Wierd and Wonderful World of Will Stone

South of Market, San Francisco, 1975: Back in my Simple Simon days, I got a call from a fellow one day who said his name was Will Stone. His voice was precise and somber; I pictured him tall and thin, something perhaps like the House of Usher.

“I don’t know what I like, but I do know Art.”

Thin he was, as it turned out, though no taller than myself. He’d started an art gallery in a warehouse cum arty-mall, and he needed a bookkeeper. Somehow he felt that Simple Simon was the guy.

He hired me. I grew to enjoy him tremendously as a friend, perhaps partly because he was as strange as the artwork.

He only sold art of the “Fantastic, Surreal, and Visionary” type.

It was wonderful stuff. To this day, I own an Arthur Bell painting called “Little Red House over Yonder.” (Bell’s work has been featured in Heavy Metal magazine, or as the French say, le magazine Metal Hurlant.)

I also have two Schroeder lithographs, one of a Lion with paw raised in greeting, and one called Tiger Ship featuring a tiger face in the sky with eyes of crescent moons above a ship sailing a black night sea, all with a border of oroboros clasping his tail.

I like these things. There is something both wonderous and somehow disturbing about them, and the fact is, in artwork that’s something I like a lot. Or rather, perhaps I should say I don’t know what I like, but I do know Art, having hung out so long together.

Alas! Will Stone, of the Will Stone Collection, was never satisfied with my bookkeeping work, and somehow it always led to my charging him less. After a while I began to see a pattern there. These days, I’ve come to believe this may be a pattern of guys from New York, because when I listen to Michael Savage on the evening radio, darned if he doesn’t sound like Will Stone!

So this one late afternoon Will and I were going to dinner. There was a humble place south of market called Communion. For $1.99 you could eat dinner there. It was always brown rice, indian vegetable dishes, and warm fresh pan (bread), served with lhassi (yogurt drink) and tea.

The only catch was that nobody was allowed to speak at Communion restaurant.

It was some sort of commune. These abounded at the time. Once, a commune that ran another restaurant off Mission Street wanted to hire Simple Simon to fix up their books, but they wanted to pay me with marijuana, because apparently their restaurant was really a front for a pot-growing business. I passed on that one.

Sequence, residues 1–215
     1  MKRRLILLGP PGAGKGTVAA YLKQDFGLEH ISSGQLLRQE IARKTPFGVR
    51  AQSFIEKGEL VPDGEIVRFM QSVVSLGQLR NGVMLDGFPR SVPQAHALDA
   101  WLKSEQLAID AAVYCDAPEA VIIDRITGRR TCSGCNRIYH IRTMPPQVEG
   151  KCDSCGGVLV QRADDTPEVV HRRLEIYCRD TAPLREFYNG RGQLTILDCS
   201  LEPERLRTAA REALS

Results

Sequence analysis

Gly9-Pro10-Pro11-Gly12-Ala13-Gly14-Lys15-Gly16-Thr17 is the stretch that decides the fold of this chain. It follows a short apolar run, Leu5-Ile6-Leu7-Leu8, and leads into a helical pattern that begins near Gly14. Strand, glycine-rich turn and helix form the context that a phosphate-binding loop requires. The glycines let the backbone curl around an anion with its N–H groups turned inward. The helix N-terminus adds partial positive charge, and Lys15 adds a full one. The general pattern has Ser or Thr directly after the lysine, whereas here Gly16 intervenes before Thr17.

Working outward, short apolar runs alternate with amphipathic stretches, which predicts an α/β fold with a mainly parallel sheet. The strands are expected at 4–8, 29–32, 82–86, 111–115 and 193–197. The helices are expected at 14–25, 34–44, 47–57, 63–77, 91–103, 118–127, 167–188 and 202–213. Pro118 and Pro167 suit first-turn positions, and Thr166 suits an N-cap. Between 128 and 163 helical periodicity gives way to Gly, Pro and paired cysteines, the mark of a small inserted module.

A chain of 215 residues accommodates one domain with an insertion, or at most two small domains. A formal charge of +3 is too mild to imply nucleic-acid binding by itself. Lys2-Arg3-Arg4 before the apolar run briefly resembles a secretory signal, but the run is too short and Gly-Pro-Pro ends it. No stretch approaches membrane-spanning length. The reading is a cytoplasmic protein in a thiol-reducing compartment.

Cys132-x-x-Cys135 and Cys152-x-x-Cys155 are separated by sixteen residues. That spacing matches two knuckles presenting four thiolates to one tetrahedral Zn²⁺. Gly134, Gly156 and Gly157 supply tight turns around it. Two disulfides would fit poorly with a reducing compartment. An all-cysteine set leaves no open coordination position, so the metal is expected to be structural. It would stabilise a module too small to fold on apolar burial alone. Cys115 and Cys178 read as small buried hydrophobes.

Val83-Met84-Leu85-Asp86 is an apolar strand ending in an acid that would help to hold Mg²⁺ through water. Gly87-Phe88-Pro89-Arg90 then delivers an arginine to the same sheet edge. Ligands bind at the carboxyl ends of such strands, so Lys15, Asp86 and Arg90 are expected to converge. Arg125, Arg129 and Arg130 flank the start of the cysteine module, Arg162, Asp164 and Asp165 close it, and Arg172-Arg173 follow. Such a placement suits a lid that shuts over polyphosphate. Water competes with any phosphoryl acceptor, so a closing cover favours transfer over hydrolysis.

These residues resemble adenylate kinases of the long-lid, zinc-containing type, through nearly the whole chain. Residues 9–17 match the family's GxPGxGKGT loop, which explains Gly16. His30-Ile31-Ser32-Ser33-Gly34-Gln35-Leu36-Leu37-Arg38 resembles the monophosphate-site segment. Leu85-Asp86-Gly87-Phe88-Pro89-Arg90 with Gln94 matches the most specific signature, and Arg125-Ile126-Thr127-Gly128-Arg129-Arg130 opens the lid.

I guess these things were not so rare at that time. My first bookkeeping client, Phil Groves (Raskin-Flakkers Ice Cream Store), had moved to a nice second-floor apartment out in the Richmond district, way out by Mamounia restaurant. One morning Phil came downstairs to find cop cars surrounding the place. The business downstairs, named “Grandad’s Original Sourdough”, turned out to be a cocaine-smuggling operation. They shipped the cocaine in plastic bags stuck down inside cans of sourdough starter. Hah! San Francisco sourdough!

But getting back to Communion restaurant. This was a really swell restaurant, except that you couldn’t talk. I enjoyed Will’s company, but as he talked incessantly, having a break over dinner wasn’t so bad, and since he said he liked the place, that’s where we went.

The first half of the dinner went fine.

The problem was when the lady came in with a child. They sat at a table across the room, and then the child began to fuss. Will glared. The child fussed. Will glared at the woman. The woman didn’t notice. Will glared at the child. The child fussed some more.

Therefore, there in the non-speaking restaurant, Will walked over to their table and said sternly, “Lady, this is a non-speaking restaurant. Please make your child be quiet.”

When he came back to our table, he clearly felt righteous, but I was embarassed as hell that he’d broken the Rule of Communion Restaurant! Even the virtuous fact that I was the only one who had not spoken failed to cheer me.

The pattern repeated. In North Beach, he was the only person I’ve ever known to send a dish back to the kitchen twice. Another time, when we went to brunch downtown, he wore a bathrobe, pretending it was a dinner jacket, and then gave the cook hell over a bagel. Slowly it became clear that he was always dissatisfied at restaurants just as he was always dissatisfied with my bookkeeping. It bugged me.

So finally, when I saw this clearly, that he would never be satisfied with any provider, I resigned as his bookkeeper, and just enjoyed being a friend.

But, somehow, we never went out to dinner any more.

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6 Responses to Wierd and Wonderful World of Will Stone

  1. Richard T. Brady says:

    Been there done that, so annoying. I have experienced our mutual friend in much the same manner, he drove me nuts as well, very draining. Wish he would get a healthier self awareness instead of the narcissistic disturbance he finds attractive.

    • bloggard says:

      Narcissistic? Hmmm. The only objection I had there was that he didn’t seem to appreciate how super-important it is to think about MEEEEE!


  2. collector says:

    The always delightful Mr. Stone! At his best. Has Arthur Bell passed?

    • bloggard says:

      Arthur Bell? Passed away. I do not know. His painting hanging upon my wall looks as it always did, but that’s no real answer. Sorry I don’t know more.

  3. Will Stone will never change.

    • bloggard says:

      Why no. And why should he. I remember, on a Brother Dave Gardner record once, how he was describing some guitarists who had his fingers on a certain chord, and he was just playing those notes through the entire song. The way that brother Dave Gardner explained it was, that other guitarists with their fingers moving all over the fretboard, you see, they were LOOKING for it. But this one particular fellow … he had FOUND it.

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